public event EventHandler<DeferredEventArgs> MyEvent;

The only difference here to a regular event is that the event arguments have to be of type DeferredEventArgs (or a custom class inheriting from them), and that’s what allows the whole thing to work!

Now take a look at how we raise this event:

await MyEvent.InvokeAsync(sender, DeferredEventArgs.Empty);

The InvokeAsync() is an extension method that will wait for all event handlers to finish their work before we proceed.

And finally, here’s how our event handler looks like:

public async void OnMyEvent(object sender, DeferredEventArgs e)
{
    var deferral = e.GetDeferral();

    await DoSomethingAsync();

    deferral.Complete();
}

The trick here is to call e.GetDeferral() to retrieve a deferral object, and just before we exit the method, we do deferral.Complete() to notify the invoker that we have completed our work!

There are a few rules that you have to be aware of:

  • You only need to call e.GetDeferral() if you actually want to the event caller to wait for the completion of the event handler; if you don’t call it, it will just behave as a regular event handler.
  • You must call e.GetDeferral() to get an EventDeferral instance before any await call in your code to ensure that the event caller knows that it should wait for deferral.Complete(); ideally, it should be the first thing you do in the event handler code.
  • If you have indeed called e.GetDeferral(), then you must call deferral.Complete() to signal that the event handler has finished.

To ensure the correct usage of the deferred events, use the following as a template for your event handlers:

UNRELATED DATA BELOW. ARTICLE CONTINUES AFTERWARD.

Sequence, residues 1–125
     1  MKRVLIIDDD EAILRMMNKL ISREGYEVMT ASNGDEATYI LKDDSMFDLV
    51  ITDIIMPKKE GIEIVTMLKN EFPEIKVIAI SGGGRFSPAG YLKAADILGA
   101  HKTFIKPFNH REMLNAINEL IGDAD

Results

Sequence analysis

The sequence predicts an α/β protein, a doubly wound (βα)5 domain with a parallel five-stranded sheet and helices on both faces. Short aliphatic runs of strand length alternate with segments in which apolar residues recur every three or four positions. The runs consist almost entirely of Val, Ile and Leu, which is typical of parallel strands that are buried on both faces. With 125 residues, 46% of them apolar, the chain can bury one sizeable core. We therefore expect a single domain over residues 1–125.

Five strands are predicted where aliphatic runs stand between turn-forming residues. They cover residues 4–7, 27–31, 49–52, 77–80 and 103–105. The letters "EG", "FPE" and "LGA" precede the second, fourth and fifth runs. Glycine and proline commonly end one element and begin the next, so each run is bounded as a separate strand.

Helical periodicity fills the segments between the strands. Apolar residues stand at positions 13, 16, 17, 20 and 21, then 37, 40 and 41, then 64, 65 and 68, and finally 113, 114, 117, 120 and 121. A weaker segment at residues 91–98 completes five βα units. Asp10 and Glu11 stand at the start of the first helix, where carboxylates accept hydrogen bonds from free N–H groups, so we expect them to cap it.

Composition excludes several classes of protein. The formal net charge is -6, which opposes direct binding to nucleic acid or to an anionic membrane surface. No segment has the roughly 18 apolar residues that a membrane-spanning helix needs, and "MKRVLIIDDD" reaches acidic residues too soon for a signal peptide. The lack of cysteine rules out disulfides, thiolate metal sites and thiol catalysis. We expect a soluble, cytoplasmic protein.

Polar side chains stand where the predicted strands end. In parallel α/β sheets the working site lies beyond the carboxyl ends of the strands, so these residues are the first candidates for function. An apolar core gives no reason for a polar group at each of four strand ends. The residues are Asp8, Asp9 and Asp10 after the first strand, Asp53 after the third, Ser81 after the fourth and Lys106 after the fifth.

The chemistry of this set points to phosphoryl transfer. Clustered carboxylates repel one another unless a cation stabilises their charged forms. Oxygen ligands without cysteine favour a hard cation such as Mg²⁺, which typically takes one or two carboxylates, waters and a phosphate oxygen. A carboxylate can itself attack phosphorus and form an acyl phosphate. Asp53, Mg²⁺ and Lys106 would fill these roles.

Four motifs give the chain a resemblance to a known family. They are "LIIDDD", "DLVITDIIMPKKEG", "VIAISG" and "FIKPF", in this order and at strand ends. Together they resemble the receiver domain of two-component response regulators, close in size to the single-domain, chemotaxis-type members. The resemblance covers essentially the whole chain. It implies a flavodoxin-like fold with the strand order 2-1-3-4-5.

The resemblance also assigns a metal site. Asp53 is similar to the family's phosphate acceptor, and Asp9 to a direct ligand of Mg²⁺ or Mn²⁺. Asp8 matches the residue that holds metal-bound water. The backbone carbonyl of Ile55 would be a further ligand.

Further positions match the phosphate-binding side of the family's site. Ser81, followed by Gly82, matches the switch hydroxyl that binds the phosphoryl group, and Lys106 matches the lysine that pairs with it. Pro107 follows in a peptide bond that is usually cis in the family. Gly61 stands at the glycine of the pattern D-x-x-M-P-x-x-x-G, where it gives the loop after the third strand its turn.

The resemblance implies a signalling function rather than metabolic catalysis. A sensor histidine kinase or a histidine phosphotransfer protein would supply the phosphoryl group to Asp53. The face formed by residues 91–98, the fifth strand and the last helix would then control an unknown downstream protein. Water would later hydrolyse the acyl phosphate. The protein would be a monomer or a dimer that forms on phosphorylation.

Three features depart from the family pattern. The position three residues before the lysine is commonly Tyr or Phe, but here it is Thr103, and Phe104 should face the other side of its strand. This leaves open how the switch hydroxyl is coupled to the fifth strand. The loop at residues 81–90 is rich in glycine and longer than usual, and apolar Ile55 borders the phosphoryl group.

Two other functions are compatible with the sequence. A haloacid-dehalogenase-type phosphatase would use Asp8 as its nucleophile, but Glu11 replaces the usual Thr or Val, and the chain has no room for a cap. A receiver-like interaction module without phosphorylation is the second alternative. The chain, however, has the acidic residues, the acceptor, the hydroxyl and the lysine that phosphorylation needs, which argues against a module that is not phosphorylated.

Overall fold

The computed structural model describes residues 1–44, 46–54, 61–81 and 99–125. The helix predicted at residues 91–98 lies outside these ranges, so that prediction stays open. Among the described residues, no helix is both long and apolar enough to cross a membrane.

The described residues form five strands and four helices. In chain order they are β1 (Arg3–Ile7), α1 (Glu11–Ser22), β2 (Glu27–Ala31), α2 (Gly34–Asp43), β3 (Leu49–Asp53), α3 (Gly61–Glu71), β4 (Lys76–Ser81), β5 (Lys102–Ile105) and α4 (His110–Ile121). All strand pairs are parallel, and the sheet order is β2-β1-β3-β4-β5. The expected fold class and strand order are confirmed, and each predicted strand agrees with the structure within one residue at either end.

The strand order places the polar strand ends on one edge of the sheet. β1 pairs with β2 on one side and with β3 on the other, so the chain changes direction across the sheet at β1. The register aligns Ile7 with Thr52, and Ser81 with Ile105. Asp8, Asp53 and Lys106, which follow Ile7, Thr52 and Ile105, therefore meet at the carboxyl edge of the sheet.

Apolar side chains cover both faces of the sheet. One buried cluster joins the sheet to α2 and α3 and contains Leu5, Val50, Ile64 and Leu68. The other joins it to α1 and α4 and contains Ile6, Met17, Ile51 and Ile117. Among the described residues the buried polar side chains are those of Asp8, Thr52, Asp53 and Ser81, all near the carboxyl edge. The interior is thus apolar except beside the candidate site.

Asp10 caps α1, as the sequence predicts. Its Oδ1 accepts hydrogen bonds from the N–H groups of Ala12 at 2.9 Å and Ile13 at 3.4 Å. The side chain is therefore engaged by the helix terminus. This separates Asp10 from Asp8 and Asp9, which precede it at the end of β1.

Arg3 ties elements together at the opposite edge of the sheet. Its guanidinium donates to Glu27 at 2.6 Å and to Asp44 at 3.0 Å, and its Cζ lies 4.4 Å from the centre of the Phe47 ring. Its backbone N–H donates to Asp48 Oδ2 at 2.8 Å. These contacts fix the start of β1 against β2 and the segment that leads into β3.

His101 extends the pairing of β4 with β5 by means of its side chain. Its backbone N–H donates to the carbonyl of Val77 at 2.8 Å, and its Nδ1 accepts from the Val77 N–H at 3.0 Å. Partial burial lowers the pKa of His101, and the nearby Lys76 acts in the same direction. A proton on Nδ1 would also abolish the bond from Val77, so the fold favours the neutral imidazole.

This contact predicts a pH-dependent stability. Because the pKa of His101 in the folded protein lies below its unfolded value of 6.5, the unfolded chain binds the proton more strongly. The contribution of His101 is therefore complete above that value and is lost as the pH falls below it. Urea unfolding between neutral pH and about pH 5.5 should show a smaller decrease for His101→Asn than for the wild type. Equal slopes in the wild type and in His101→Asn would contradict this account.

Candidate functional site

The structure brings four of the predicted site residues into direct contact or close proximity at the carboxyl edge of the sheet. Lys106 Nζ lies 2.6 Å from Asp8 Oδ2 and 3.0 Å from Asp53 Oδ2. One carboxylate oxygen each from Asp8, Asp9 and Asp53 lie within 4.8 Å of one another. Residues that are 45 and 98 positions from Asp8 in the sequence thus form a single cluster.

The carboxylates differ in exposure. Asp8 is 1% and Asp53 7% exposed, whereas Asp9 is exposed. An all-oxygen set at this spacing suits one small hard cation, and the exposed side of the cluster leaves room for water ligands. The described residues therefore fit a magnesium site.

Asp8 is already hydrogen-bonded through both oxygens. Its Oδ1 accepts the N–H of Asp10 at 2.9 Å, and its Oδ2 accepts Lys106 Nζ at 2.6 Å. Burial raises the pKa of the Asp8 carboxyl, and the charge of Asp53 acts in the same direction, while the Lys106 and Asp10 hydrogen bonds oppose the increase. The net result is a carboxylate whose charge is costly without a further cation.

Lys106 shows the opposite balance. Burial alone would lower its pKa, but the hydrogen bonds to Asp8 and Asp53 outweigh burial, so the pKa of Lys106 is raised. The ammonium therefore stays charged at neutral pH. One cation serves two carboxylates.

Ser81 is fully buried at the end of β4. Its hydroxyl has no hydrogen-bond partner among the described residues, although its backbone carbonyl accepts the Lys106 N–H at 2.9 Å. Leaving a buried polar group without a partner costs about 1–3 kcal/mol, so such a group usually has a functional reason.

public async void OnMyEvent(object sender, DeferredEventArgs e)
{
    var deferral = e.GetDeferral();

    try
    {
        // awaiteable code
    }
    finally
    {
        deferral.Complete();
    }
}

Alternatively, you can also use the using pattern like this:

public async void OnMyEvent(object sender, DeferredEventArgs e)
{
    using (e.GetDeferral())
    {
        // awaiteable code
    }
}

Setting a custom User-Agent in the UWP WebView control

I recently came into a UWP project requiring all HTTP requests to use a specific User-Agent string.

That’s quite easy to do if you only use Windows.Web.Http.HttpClient as there’s a managed property for that purpose: HttpClient.DefaultRequestHeaders.UserAgent.

Similarly, the same applies for System.Net.Http.HttpClient and the HttpClient.DefaultHeader.UserAgent property.

The real problem is if you need to use the WebView control to present web content, as there’s no managed property to change the user-agent!

It is possible to create a HttpRequestMessage instance, set a custom user-agent string in it, and then call the WebView.NavigateWithHttpRequestMessage method, but that will only work for that specific navigation request.

Any requests invoked from inside the webview (like a form post) will use the system default user-agent string.

So what’s the solution?

The solution comes in the form of a Win32 API called UrlMkSetSessionOption.

Amongst other things, this API allows you to set the default user-agent string for the current internet session!

Here’s an example of how to use it; first, add the following class to your app:

public class UserAgentHelper
{
    [DllImport("urlmon.dll", CharSet = CharSet.Ansi, ExactSpelling = true)]
    private static extern int UrlMkSetSessionOption(int dwOption, string pBuffer, int dwBufferLength, int dwReserved);

    private const int URLMON_OPTION_USERAGENT = 0x10000001;

    public static void SetDefaultUserAgent(string userAgent)
    {
        UrlMkSetSessionOption(URLMON_OPTION_USERAGENT, userAgent, userAgent.Length, 0);
    }
}

Now load your App.xaml.cs file and ensure you call the UserAgentHelper.SetDefaultUserAgent() method inside the App class constructor:

public App()
{
    // remaining code

    UserAgentHelper.SetDefaultUserAgent("MyApp/1.0");
}

From that point on, any webview inside your app will use the specified user-agent string (“MyApp/1.0” in our example above)!

One final note: only a few Win32 API’s are actually allowed in apps published to the Windows Store (you can check the complete list here)!